Figures of Progress: Mitchell Landrieu, Mayor of New Orleans
GOOD and IBM have teamed up to bring you Figures of Progress, our new platform that explores the different ways that information has...
GOOD and IBM have teamed up to bring you Figures of Progress, our new platform that explores the different ways that information has revolutionized our world. Through videos, story profiles, and infographics, we're sharing stories about the power of data and how today's leaders in business, city government and nonprofits are finding innovative ways to use it. Here's our latest Figure of Progress interview.
Mitchell Landrieu was sworn in as the sixty-first Mayor of New Orleans in 2010 with a clear mandate to usher in a new era of peace and prosperity for the people of New Orleans. Prior to becoming mayor, Landrieu served as Lieutenant Governor of Louisiana for six years, leading the effort to rebuild the tourism industry after Hurricane Katrina and the tens of thousands of jobs it creates. During his tenure, Landrieu launched the Cultural Economy Initiative to quantify and grow jobs in Louisiana’s culture, music, food, film and art industries. Landrieu has also previously represented the Broadmoor neighborhood as a State legislator for sixteen years.
GOOD: What most influenced you on the road to your current position?
MITCHELL LANDRIEU: My family has a history of public service, and we love New Orleans. My dad served two terms as Mayor of this city from 1970-1978. Our family—all nine children—learned the value of community and the goodness of people. As a young man, I absorbed the richness of New Orleans and the importance of multiculturalism. I’m a New Orleans boy who will always believe that spirit and determination would bring success.
GOOD: What type of data and technology is the most valuable to the government agency you work with to communicate with the public?
ML: There is data that is valuable to both a government agency and to the public. We use data to find out what’s working, what’s not working and what we need to do to improve. This data is shared with the community so they know what’s going on in their neighborhood and can then hold us accountable for results. For example, our office organizes several PerformanceStat programs for key cross-departmental initiatives, like blight reduction, revenue collection, and acquisition of contractual services. In PerformanceStat meetings, senior leadership meets in public with key department heads and program managers on at least a monthly basis to review data to understand what works, what doesn’t, and what steps need to be taken to improve.
GOOD: How has data changed and informed the way you can interact with the community and improve your public service?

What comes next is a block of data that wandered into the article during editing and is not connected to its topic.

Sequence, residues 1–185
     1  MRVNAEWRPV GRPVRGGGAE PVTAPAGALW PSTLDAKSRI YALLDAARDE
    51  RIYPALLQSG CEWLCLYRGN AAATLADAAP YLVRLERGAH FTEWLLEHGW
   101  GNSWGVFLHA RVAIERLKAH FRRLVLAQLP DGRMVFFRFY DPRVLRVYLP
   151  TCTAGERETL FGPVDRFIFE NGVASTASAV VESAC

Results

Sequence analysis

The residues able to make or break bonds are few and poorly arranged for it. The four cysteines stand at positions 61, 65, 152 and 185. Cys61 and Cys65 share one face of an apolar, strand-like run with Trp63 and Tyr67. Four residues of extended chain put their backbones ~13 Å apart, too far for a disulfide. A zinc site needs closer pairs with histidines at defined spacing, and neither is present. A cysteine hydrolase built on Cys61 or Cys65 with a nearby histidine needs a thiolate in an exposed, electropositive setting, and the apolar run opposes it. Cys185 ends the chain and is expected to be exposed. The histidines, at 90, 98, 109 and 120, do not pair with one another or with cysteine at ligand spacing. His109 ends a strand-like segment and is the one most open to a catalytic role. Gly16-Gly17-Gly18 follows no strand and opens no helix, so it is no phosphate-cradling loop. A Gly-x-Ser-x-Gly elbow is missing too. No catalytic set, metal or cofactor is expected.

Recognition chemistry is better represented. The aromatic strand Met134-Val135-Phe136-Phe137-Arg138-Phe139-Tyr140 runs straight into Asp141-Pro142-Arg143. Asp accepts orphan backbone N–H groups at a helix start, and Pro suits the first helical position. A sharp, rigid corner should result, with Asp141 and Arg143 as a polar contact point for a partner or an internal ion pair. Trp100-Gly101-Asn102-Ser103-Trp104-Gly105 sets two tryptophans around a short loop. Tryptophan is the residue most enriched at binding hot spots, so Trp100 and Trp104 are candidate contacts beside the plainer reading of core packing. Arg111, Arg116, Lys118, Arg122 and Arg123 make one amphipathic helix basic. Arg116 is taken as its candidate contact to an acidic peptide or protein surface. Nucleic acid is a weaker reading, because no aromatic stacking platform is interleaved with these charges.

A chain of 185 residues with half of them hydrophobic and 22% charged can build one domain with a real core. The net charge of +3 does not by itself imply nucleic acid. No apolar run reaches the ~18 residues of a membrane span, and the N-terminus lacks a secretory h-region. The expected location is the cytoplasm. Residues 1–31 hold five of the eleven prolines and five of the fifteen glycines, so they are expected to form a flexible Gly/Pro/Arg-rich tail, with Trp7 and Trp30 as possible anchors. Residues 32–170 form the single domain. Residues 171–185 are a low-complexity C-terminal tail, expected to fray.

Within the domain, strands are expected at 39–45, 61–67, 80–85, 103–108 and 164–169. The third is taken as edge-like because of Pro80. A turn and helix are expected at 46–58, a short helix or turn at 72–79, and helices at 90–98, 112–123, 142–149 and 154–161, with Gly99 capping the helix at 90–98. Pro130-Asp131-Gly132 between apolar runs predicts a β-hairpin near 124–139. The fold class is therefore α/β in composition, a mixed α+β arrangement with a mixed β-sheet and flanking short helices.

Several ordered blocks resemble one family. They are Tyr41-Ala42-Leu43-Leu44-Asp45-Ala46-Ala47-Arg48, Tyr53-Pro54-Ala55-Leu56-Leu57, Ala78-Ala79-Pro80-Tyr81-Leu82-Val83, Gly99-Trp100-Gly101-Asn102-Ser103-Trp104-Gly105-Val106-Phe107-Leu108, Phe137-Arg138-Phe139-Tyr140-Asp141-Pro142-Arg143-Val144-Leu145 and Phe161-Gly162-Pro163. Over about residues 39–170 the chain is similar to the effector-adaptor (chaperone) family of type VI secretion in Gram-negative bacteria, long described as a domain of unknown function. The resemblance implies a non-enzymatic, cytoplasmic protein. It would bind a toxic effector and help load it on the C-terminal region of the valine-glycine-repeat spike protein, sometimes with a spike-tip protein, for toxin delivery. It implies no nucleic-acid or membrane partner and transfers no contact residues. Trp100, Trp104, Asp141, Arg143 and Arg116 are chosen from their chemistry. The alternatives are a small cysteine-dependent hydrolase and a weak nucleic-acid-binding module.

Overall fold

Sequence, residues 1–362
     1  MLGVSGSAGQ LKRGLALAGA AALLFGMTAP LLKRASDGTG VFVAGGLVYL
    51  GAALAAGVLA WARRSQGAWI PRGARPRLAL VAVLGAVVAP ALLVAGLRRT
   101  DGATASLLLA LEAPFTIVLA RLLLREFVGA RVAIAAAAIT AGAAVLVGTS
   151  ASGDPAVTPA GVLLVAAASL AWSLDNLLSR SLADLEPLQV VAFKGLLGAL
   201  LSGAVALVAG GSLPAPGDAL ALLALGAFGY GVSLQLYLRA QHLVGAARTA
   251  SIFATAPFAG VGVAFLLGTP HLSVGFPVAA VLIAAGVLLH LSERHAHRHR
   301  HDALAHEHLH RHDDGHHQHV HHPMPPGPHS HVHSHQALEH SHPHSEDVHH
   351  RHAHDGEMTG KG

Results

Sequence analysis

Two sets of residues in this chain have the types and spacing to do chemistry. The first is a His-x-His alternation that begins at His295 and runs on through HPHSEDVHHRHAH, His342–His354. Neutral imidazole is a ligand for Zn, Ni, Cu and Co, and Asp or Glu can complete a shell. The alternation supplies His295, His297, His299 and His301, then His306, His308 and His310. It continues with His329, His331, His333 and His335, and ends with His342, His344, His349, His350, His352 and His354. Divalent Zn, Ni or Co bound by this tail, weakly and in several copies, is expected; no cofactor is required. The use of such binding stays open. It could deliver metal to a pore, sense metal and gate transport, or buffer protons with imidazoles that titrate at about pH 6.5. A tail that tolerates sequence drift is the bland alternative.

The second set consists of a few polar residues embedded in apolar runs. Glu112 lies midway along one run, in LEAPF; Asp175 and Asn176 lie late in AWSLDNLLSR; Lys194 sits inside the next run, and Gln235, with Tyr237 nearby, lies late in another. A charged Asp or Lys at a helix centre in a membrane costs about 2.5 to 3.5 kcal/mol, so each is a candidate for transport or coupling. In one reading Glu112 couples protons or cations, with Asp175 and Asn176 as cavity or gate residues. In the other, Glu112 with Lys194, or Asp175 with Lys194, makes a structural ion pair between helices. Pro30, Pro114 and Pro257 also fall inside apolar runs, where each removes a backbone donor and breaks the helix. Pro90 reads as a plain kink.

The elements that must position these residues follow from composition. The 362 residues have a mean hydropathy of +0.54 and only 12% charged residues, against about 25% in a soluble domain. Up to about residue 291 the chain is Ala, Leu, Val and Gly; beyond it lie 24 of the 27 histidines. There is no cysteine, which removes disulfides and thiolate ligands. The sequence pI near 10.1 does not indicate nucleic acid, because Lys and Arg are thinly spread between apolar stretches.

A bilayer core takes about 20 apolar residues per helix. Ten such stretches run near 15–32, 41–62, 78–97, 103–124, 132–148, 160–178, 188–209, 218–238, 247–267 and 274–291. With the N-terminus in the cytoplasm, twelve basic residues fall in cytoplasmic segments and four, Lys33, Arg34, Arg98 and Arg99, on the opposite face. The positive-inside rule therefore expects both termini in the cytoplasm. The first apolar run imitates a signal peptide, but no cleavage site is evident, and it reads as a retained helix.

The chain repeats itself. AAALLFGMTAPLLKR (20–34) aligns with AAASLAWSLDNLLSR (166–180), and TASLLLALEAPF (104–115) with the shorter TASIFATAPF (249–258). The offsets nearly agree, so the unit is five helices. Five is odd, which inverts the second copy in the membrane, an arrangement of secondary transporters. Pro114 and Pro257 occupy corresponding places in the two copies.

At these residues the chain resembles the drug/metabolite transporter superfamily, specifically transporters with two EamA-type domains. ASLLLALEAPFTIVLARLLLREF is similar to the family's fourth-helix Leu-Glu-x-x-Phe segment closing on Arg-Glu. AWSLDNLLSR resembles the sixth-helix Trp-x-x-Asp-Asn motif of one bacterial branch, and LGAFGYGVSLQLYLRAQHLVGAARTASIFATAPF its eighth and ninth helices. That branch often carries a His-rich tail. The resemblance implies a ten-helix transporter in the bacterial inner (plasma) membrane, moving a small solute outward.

ML: In the past, the City of New Orleans has been notorious for outdated technology and historically poor record-keeping at City Hall. The basic premise has always been: If you can't find a baseline and you can't measure it, how do you know how you're performing? You need performance measurements in place. So when I came into office in 2010, I decided we needed to count everything. I created the Office of Performance and Accountability to serve the public by utilizing performance data. This data helps us to make better policy decisions, drive operational improvements, foster transparency in how city government is performing and promote accountability for delivering results to citizens. We’ve committed to tracking our performance and with that data, we’re becoming more efficient, more effective and more transparent with our citizens.
GOOD: What are the qualities and/or skill sets that you believe future successful leaders will need to have?
ML: These days, plenty of people seem to know what do to, but they don’t know how to do it. A leader must govern with freedom from fear and failure, hubris and arrogance. It’s sometimes intimidating, but a leader must challenge himself to see things that other people may not see. I was elected to be bold and creative in building this city back better than it was before.
GOOD: What is your greatest hope for how your work can influence positive change in our world?
ML: New Orleans is the nation’s most immediate laboratory for innovation and change. We have to make smart decisions. In order to make smart decisions, we need good data. Seven years after Hurricane Katrina, the rebuilding process continues in New Orleans. This year we opened five new libraries that sustained damage in the storm. Billions of dollars are being invested in housing, schools, hospitals, parks and playgrounds, roads and vital hurricane protection. In fact, we’ve dedicated $140 million to rebuild our parks and recreation system.
Read more from leaders like Landrieu at Figures of Progress, including interviews with Meg Garlinghouse, head of Social Impact at LinkedIn; Jennifer Pahlka, founder of Code for America; Adam Brotman, chief digital officer of Starbucks;Rachel Sterne, CIO of the city of New York; Oliver Hurst-Hiller, CTO of Donorschoose.org; and Nathan Blecharczyk, Co-founder of Airbnb.